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School kids should wear ethically produced uniforms - Fairwear
16
Jul '10
At a recent media conference Prime Minister Julia Gillard reportedly announced a Labor Party policy to extend the education tax refund to include half the cost of uniforms if Labor is re-elected. She also indicated her support of school uniforms: “part of a high quality education is learning how to present yourself to the world and that's what a school uniform is all about," she said.

Fairwear (a coalition of groups campaigning to end the exploitation of clothing) warns, however, that by encouraging the purchase of school uniforms through taxation and policy support, the Labor Party risked associating itself with poor, and sometimes dangerous, labour practices. The number of uniforms purchased, and the number of children wearing uniforms, is likely to jump due to the tax break.

Mark Riley, Education Officer with FairWear, said, “Uniforms may encourage a sense of self pride, but not when they are made under sweatshop conditions”.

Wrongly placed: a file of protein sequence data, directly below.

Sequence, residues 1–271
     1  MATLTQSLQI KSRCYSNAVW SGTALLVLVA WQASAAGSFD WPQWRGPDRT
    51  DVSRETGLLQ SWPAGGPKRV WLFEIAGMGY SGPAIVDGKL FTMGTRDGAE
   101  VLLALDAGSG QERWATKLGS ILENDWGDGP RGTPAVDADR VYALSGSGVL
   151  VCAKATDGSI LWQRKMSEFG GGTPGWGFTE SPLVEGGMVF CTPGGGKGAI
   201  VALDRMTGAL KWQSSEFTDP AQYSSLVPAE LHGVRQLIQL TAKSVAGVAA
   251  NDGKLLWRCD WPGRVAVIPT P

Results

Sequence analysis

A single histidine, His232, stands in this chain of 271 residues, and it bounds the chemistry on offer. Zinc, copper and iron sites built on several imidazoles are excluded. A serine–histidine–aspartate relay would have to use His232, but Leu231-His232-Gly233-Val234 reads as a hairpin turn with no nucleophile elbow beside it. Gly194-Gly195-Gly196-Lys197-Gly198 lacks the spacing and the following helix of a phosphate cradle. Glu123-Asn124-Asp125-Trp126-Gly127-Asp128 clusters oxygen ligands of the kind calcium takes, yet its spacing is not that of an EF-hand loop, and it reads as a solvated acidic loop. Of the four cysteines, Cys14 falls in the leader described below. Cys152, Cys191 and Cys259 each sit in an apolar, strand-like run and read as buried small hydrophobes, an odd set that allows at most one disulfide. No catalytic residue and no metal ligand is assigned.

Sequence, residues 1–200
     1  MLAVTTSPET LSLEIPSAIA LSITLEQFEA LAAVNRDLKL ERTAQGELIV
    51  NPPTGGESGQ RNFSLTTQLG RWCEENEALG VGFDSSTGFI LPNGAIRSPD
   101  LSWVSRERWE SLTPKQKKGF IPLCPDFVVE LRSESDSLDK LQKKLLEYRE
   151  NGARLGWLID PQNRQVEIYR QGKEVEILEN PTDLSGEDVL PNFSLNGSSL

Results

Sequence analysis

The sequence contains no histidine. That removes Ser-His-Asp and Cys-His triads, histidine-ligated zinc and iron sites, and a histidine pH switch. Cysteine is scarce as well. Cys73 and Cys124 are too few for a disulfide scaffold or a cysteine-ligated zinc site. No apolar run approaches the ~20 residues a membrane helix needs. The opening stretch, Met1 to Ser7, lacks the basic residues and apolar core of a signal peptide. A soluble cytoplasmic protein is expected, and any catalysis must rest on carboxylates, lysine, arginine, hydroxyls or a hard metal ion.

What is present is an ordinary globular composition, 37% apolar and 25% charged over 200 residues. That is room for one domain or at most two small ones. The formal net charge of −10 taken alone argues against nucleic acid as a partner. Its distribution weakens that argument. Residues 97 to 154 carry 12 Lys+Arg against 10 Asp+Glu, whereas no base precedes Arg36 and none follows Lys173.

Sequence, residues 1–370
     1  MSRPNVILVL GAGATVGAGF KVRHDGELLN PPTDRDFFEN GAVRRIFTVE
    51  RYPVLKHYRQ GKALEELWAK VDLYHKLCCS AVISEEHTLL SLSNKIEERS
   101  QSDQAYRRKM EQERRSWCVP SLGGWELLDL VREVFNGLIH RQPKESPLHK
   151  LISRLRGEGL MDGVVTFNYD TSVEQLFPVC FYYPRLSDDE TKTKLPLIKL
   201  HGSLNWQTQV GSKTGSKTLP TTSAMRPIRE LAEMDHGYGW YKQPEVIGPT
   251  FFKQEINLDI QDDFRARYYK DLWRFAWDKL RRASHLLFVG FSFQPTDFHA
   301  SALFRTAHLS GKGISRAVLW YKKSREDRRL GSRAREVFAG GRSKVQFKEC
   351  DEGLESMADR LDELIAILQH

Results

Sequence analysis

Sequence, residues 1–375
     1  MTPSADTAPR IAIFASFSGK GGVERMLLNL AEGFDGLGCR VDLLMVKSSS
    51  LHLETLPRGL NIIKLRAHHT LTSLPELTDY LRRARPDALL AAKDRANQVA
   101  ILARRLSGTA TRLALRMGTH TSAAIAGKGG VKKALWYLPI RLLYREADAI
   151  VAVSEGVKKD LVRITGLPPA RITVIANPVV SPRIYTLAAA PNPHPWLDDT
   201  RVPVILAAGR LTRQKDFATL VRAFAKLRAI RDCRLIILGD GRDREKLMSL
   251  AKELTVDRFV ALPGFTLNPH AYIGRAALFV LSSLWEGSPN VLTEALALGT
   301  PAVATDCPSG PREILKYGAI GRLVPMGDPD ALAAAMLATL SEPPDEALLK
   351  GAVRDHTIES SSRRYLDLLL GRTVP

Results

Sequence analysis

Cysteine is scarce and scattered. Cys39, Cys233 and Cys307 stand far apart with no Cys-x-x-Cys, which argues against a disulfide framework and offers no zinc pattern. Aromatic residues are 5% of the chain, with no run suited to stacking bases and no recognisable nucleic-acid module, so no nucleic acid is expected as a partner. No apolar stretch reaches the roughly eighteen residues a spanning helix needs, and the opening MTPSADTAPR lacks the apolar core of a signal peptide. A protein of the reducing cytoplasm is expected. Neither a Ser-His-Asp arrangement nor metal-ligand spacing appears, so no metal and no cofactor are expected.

“Many Australian companies supply uniforms made overseas where uniforms are, by and large, not monitored nor accredited. After 15 years of campaigning sweatshop operations are still found in Australia,” said Mr Riley. “Although governments, unions and the industry have been working to overcome this, outworkers continue to report being paid $4-5 an hour.”

He went on: “Sweatshop labour conditions are rife in the production of school uniforms. This is a great opportunity to see more school kids wearing ethically produced uniforms because of the policy.”

Elizabeth Kingston of Poppets & Crystal Bears, a family owned schoolwear company, suggested that there is a clear policy solution for the Labor Party: “Tax breaks need to be linked only to uniforms made by accredited Ethical Clothing Australia labels, and other policy instruments should be used to encourage accreditation. The Government can then avoid a repeat of the sort of unethical practices utilised by unscrupulous companies in the insulation scandal”

The bright side to this story is that many school uniform companies have become accredited, so as to ensure consumers that school wear is produced ethically with Australian workers receiving fair and legal wages and conditions. Accredited schoolwear companies include Blue Gum, Poppets Schoolwear (Crystal Bears), Surrey Clothing and Qualitops. Other school wear companies are in the pipeline to become accredited thanks to pressure from schools that care.

Fairwear Australia


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